The first proviso of the Act however imposes the principal penalty of prision mayor to death upon a "member [who] is an officer or ranking leader of the Communist Party of the Philippines or of any subversive association or if such member takes up arms against the Government." This clearly draws the line that the unlawful activities which an ordinary member must be shown to have participated in to evidence specific intent to further the unlawful goals of the subversive organization in proof of his active (as against mere nominal, inactive or passive) membership, would be those which falls short of taking up arms against the Government.

The second proviso of the Act constitutes the "conspiracy statute" and furnishes the "dragnet device." But it will be noted from the very text that the proscribed criminal conspiracy does not refer to membership. Rather it provides that one (be he a member or not of the Party or of any other subversive organization) who conspires with any other person to overthrow the Government or any of its political subdivisions by force, violence, deceit, subversion or other illegal means for the purpose of placing such Government or political subdivisions under the control and domination of any alien power shall be meted the penalty of prision correccional to prision mayor.

4. The distinction is best illustrated by the case of Carino v. People 21 where this Court set aside the petitioner-accused’s conviction by the Court of Appeals and by the court of first instance as an accomplish in the crime of rebellion with murders, arsons, robberies and kidnappings simply because he furnished cigarettes and food supplies to a famous Huk and performed certain other acts, when it was not shown that he was a member of the Hukbalahap organization nor could the acts be deemed per se to carry or prove any criminal intent of helping the Huks in committing the crime of insurrection or rebellion nor was he shown to have been engaged in any conspiracy or proposal to commit rebellion. In acquitting the accused, the late Justice Alejo Labrador speaking for a unanimous Court held that:jgc:chanrobles.com.ph

"In the case at bar the appellant did not take up arms against the Government. Neither was he a member of the Hukbalahap organization. The Court of Appeals also found that he did not openly take part in the commission of the crime above defined by any other act without which said crime would not have been committed.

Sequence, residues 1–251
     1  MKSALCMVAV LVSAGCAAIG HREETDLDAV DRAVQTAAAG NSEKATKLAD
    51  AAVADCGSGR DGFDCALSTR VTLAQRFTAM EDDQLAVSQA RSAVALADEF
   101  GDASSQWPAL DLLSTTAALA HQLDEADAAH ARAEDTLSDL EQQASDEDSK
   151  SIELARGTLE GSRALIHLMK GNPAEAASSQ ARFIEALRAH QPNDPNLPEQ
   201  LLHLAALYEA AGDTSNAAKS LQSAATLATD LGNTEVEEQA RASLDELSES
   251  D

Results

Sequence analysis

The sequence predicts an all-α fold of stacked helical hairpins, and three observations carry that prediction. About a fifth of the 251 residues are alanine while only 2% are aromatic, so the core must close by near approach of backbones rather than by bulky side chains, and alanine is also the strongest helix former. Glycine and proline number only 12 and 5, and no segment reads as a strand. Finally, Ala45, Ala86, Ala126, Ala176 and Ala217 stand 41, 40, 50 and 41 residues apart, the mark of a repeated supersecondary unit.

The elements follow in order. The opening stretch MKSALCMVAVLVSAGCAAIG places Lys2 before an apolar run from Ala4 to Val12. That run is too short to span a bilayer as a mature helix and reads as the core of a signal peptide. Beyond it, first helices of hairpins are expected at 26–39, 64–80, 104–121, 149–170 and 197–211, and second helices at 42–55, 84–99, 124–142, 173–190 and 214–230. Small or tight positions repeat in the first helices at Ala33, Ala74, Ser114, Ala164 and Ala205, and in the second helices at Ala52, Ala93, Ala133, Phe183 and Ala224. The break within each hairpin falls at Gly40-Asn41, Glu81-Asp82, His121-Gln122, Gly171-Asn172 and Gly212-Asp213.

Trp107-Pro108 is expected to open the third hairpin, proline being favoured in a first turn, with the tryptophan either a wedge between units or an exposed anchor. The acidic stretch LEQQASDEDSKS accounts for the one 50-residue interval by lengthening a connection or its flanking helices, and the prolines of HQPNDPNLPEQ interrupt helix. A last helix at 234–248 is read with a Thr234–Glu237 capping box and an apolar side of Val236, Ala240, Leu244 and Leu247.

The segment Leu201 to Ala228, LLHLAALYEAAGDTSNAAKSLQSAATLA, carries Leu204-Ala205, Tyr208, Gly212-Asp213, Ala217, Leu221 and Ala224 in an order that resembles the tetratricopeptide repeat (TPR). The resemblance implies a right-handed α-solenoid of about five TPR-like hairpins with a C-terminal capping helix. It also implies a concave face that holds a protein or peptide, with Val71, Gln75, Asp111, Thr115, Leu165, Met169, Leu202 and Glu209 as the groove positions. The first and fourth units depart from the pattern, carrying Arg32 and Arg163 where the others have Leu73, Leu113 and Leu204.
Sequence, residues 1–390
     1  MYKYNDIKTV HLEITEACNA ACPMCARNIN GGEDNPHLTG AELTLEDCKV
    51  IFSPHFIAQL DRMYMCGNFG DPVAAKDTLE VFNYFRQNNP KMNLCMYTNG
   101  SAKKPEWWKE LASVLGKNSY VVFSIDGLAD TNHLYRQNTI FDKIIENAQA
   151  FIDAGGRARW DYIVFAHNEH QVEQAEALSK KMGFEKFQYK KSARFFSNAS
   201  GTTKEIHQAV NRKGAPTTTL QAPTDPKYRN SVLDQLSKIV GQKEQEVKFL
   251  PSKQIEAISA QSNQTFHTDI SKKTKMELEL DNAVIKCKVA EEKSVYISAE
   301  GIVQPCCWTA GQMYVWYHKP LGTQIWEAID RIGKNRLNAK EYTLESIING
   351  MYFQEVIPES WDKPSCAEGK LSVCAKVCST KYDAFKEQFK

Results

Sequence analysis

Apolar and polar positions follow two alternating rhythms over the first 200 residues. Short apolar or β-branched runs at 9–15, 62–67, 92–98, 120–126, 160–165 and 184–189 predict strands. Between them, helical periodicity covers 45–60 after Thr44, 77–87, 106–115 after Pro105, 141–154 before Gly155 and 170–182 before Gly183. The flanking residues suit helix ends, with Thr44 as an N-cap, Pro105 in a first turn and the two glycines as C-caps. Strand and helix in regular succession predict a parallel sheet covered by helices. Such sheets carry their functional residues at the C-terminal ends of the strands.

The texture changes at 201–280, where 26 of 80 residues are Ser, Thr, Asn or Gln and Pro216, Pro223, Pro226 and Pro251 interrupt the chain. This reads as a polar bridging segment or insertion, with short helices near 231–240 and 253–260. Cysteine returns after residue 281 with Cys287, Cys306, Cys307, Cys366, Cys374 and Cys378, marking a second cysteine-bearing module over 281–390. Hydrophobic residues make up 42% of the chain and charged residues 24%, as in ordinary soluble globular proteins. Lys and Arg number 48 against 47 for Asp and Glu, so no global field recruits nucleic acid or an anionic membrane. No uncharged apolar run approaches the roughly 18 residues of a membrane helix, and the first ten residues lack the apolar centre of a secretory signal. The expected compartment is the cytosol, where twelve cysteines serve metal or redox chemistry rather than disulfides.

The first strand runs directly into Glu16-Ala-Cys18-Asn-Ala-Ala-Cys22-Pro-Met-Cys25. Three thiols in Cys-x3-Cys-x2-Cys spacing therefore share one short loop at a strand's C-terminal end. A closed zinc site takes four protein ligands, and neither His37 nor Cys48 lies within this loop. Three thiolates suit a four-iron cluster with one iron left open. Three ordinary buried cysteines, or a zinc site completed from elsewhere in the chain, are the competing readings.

x       x       x


We cannot agree to the above conclusion of the Court of Appeals that the above-mentioned acts of appellant constitute acts of cooperation in the execution of the act of overthrowing the government. If appellant’s acts may be considered an indirect help or aid in the rebellion, which we positively doubt, the same cannot constitute previous or simultaneous acts of uprising or rebellion. In the crime of treason any act of giving comfort or moral aid may be criminal, but such is not the case with rebellion or insurrection where the Code expressly declares that there must be a public uprising and the taking up of arms in rebellion or insurrection. The act of sending or furnishing cigarettes and food supplies to a famous Huk does not prove intention to help him in committing rebellion or insurrection. Neither is the act of having $6,000 changed to Philippine money or in helping Huks to open accounts, by themselves show an intent or desire to participate or help in an uprising as rebellion. Appellant’s work was as a public relations officer of the bank of which he was an employee, and the work above indicated performed by him was a part of his functions as an employee of the bank. These acts by themselves do not and cannot carry or prove any criminal intent of helping the Huks in committing the crime of insurrection or rebellion. The law is to the effect that good faith is to be presumed. No presumption of the existence of a criminal intent can arise from the above acts which are in themselves legitimate and legal. Said acts are by law presumed to be innocent acts while the opposite has not been proved.

"But granting, for the sake of argument, that appellant had the criminal intent of aiding the communists in their unlawful designs to overthrow the Government, the assistance thus extended by him may not be considered efficacious enough to help in the successful prosecution of the crime of insurrection or rebellion so as to make him an accomplice therein. (People v. Tamayo, supra.) We, therefore, find that the supposed acts found by the Court of Appeals to have been committed by the appellant do not necessarily and legitimately lead to the conclusion that he performed said acts precisely with the criminal intent of helping in the execution or the carrying out of the rebellion or insurrection.

"For the foregoing considerations, we declare that the guilt of appellant as an accomplice in the crime of rebellion or insurrection as charged in the information has not been proved beyond reasonable doubt, his supposed acts not having been shown to be acts of direct cooperation in the execution of the crime, nor have they been induced by a criminal intent, nor were they shown to be sufficiently efficacious to make appellant guilty as accomplice in the crime charged."cralaw virtua1aw library